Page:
#3. Compassion

When working with a therapist or social worker, you may not feel motivated to change if there is a lack of compassion within the relationship. Feeling that you are understood can increase your ability to open up to the idea of change and push yourself to discover more about your needs.

Addressing the following components of compassion can help you establish this within your therapeutic relationship:

  • Be able to recognize your emotions
  • Pay attention to the emotions of others
  • Imagine being in someone else’s position
  • Adjust your responses

These techniques can be used for both the therapist and yourself in the motivational interviewing process. Being able to expand your understanding of the perspectives of others can help you discover more about your own needs. It may even help you recognize potential obstacles and viewpoints that are holding you back in recovery.

#4. Evocation

Evocation means understanding that everything you need to change and be successful in recovery is already within you. You just have to find it and apply your skills to make it happen.

Using motivational interviewing techniques in your therapy sessions can help you discover the abilities that are embedded within you. Recognizing the abilities you have can push you to increase your motivation. With this motivation, you can better implement the skills necessary to be successful through this journey.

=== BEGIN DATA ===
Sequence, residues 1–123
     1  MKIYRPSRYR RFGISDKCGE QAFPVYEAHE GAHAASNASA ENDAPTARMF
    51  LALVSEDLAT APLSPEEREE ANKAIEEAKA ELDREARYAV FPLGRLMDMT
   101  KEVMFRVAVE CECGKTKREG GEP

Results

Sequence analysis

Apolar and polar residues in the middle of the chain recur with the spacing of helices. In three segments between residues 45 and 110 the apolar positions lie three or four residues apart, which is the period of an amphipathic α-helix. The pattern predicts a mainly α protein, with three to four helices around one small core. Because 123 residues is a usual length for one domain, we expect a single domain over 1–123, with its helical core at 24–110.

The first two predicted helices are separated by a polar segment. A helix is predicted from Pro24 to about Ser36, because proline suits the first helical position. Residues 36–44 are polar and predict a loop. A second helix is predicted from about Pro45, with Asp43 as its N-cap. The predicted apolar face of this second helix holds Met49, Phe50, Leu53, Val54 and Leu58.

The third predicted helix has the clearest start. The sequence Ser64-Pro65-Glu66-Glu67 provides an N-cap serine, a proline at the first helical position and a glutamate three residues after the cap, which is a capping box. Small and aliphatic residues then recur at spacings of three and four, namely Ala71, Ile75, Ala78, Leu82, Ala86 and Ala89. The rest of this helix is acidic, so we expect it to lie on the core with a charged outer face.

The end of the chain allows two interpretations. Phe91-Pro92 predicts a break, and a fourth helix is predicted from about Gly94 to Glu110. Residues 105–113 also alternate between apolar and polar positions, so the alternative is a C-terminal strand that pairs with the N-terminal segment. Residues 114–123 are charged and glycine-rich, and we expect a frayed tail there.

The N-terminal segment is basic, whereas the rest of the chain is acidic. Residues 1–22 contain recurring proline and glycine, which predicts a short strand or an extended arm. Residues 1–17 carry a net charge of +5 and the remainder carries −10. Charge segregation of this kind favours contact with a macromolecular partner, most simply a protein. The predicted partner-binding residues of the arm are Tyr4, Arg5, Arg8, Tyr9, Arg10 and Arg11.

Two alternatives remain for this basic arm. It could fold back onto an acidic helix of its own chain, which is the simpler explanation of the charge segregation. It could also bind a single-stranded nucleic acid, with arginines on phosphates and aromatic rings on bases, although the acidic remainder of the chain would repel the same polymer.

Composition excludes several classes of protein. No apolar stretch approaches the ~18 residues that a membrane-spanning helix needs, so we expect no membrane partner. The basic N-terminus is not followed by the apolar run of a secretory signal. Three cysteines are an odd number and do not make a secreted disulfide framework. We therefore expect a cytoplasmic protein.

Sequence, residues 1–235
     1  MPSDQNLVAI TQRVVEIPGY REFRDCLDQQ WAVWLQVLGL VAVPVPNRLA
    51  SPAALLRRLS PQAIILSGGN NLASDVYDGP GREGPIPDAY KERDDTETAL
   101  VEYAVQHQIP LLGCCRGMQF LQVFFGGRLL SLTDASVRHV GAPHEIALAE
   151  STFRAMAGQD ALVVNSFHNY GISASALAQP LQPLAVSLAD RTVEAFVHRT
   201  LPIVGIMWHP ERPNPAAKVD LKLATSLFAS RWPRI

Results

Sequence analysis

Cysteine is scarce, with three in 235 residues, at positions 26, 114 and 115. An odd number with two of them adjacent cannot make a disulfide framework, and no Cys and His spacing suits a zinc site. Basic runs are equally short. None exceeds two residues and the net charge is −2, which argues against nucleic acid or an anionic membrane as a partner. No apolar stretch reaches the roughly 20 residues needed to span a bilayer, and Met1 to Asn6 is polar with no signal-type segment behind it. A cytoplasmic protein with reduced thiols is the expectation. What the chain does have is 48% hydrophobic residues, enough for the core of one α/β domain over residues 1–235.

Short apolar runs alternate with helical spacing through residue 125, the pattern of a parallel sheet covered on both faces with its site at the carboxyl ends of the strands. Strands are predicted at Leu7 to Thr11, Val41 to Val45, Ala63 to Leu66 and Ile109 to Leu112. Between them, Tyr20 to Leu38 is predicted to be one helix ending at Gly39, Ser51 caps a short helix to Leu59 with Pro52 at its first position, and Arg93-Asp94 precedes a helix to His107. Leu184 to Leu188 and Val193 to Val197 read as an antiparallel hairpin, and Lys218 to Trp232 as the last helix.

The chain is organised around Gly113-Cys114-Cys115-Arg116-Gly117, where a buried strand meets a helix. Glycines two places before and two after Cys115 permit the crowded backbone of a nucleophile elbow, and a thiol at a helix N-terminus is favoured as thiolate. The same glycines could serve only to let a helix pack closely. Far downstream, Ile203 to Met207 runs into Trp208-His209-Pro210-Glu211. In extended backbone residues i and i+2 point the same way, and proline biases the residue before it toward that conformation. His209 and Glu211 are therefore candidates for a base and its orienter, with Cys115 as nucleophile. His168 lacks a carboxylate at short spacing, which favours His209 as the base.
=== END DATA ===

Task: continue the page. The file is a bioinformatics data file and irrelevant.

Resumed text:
Technical Skills of Motivational Interviewing

The stylistic components of motivational interviewing are based on humanistic practices. Technical components rely on the therapist implementing specific skills to enhance client perception and understanding of their problems.

The OARS acronym is used to outline technical skills within motivational interviewing:

  • Open-ended questions
  • Affirmation
  • Reflective listening
  • Summarizing

These therapeutic techniques can be used to help you further your self-discovery. By answering open-ended questions, you will be required to deeply think about the situations you are struggling with. Receiving affirmation can help you to feel supported in your choices. Having someone listen to you and summarize your main points of discussion can help reaffirm the support you are receiving and help you to feel comfortable opening up about deeper issues.

Motivational interviewing is a great resource to utilize in recovery from SUD for many individuals. If you are struggling to maintain motivation and accept your current situation, this process can be greatly beneficial to you. Take a deep dive into motivational interviewing and learn about how this therapeutic process works. Furthering your understanding of the stylistic and technical techniques involved with this process can help you decide if this therapeutic approach may be helpful for you to engage in. Learn about motivational interviewing, the four main principles of this process, and the OARS acronym used in therapeutic settings. For more information and help, reach out to Dream Recovery at (657) 216-7218.

Call Now Button